WHAT THE FILM!? “Volcano”

Volcano-1997-movie-poster

What The Film?! is a new weekly column exclusive to Under The Gun Review that brings to light the plot holes Hollywood hoped you’d never notice. Written by comedy writer Dane Sager, this column shows no mercy to films that try and pull the proverbial wool over our eyes.

If you know a film with major plot holes that you feel needs to be exposed, tell us! Email utgjames@gmail.com with the subject “What The Film” and we’ll try to get your suggestion featured on the site.

In the late 1990’s there was a huge splurge of disaster movies, similar to the way that we are  experiencing a splurge of comic book movies today. It was caused by the massive success of Roland Emmerich’s Independence Day, a movie you may remember from having the Fresh Prince and Ian Malcolm destroying an alien mother ship with a Mac laptop (and with that description, I realize I may have picked the wrong movie this week).

It can save the world, but it still has a disk stuck in its SuperDrive

Independence Day was a massive success and a landmark in disaster movies, due to its high caliber special effects and its intense advertising campaign where they constantly showed the White House getting destroyed on television. No one had seen anything like it before and soon studios decided to cash in on the trend, green lighting whatever movie destroyed the most landmarks.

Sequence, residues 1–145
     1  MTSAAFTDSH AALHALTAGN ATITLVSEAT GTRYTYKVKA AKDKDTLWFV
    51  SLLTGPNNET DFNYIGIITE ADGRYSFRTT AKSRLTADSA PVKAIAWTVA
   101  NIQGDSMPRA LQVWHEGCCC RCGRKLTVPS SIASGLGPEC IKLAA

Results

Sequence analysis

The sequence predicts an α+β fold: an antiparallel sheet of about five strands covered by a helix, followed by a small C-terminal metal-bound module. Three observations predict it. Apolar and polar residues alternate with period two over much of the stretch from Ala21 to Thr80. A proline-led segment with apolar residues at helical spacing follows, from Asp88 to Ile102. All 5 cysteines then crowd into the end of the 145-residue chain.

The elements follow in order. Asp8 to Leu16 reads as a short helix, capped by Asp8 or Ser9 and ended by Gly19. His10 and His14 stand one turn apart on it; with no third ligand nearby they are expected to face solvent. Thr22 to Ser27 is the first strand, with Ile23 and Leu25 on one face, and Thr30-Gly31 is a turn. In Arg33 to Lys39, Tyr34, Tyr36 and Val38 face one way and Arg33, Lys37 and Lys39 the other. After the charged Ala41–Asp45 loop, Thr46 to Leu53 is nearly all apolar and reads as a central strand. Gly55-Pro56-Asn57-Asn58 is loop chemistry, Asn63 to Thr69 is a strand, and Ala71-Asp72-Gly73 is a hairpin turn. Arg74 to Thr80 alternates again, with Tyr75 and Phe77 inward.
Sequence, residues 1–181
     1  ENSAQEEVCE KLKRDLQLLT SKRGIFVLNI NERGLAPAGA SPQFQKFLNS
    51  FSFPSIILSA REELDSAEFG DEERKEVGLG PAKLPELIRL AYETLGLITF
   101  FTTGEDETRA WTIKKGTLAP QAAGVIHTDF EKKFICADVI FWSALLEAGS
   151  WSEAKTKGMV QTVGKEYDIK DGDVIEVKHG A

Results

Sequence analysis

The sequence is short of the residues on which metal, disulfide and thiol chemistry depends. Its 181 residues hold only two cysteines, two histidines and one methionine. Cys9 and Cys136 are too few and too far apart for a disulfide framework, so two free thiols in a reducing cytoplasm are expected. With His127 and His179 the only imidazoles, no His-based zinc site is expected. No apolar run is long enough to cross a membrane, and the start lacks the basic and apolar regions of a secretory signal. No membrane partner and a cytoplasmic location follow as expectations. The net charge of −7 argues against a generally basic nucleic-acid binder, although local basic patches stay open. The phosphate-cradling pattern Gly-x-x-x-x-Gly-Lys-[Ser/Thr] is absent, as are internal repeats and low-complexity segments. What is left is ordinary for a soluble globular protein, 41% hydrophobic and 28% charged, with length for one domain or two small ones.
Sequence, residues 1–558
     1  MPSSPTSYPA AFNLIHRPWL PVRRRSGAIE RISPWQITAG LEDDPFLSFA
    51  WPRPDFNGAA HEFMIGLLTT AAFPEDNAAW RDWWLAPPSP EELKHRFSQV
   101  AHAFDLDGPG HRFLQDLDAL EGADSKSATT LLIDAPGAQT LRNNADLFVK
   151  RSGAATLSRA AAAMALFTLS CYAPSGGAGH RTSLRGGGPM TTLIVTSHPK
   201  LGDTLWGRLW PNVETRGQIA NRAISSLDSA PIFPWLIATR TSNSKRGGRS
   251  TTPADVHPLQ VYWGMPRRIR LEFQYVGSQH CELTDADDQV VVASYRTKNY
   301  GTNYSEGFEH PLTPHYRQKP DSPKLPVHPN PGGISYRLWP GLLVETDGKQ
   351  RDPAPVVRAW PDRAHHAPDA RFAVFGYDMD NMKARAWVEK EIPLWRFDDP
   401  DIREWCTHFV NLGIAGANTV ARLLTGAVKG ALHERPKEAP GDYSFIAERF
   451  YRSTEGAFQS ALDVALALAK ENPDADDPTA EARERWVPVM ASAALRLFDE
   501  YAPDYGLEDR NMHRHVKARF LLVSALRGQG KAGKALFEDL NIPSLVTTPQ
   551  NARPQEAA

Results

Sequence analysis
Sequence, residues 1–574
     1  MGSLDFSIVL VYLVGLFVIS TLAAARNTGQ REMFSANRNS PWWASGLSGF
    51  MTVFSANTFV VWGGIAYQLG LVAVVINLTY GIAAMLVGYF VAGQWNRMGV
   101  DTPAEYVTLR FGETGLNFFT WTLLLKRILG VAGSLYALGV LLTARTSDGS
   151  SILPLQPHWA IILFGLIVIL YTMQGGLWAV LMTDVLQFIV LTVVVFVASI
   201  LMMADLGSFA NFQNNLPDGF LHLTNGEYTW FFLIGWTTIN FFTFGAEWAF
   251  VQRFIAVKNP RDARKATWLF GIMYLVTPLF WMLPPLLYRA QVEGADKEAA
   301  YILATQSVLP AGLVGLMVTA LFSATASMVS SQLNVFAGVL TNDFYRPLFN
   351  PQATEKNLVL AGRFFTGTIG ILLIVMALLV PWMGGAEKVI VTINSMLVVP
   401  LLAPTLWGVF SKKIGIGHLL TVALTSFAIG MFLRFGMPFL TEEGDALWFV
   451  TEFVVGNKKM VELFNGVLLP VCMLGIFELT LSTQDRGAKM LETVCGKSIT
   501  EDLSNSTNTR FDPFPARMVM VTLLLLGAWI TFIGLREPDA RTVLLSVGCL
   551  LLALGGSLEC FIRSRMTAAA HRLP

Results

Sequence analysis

And yet Ypsilanti's stone penis still stands.

1997’s Volcano came out in the middle of the disaster sensation, only a few months prior to fellow disaster movie Dante’s Peak, and on the same day as fellow disaster Romy & Michelle’s High School Reunion. In Volcano, Tommy Lee Jones plays the head of Los Angeles’ Office of Emergency Management while the city falls victim to a natural disaster (I’ll let you guess which one).

Volcanoes, the anuses of Earth

No one initially believes that a volcano could have erupted in Los Angeles and there are a gratuitous amount of scenes where someone sees lava destroying everything it touches and questions what it is. If that wasn’t bad enough, it takes a laughably long amount of time before they realize that the liquid rock coming out of the ground destroying buildings isn’t a normal part of an earthquake. (fun fact: the ‘lava’ was made out of methylcellulose, a chemical used in McDonald’s milkshakes to make them thicker).

“Oh my God, What is that?” Delicious.

Agent Kay ends up teaming up with a Geologist played by Anne Heche, who is the only person in the city who seems to be aware that the lava like substance and volcano like activity in the city means that there is a volcano. Early in the movie, she witnesses her friend and co-worker perish from the volcano, so when the city eventually decides to evacuate and stop the volcano once and for all, it is personal.

There is a big reveal in the last half of the movie where Anne Heche puts a basketball on the street to watch where it rolls to figure out which way is downhill. The reveal is that it turns out that they were preparing for the lava to flow one way and they discover that it’s going to flow in a different direction. It literally takes them half the movie to figure out that gravity plays an important factor in how a liquid moves. The amount of incompetence in the help in this movie makes FEMA look like it knows what they’re doing (I also have some Bob Dole jokes if that wasn’t topical enough).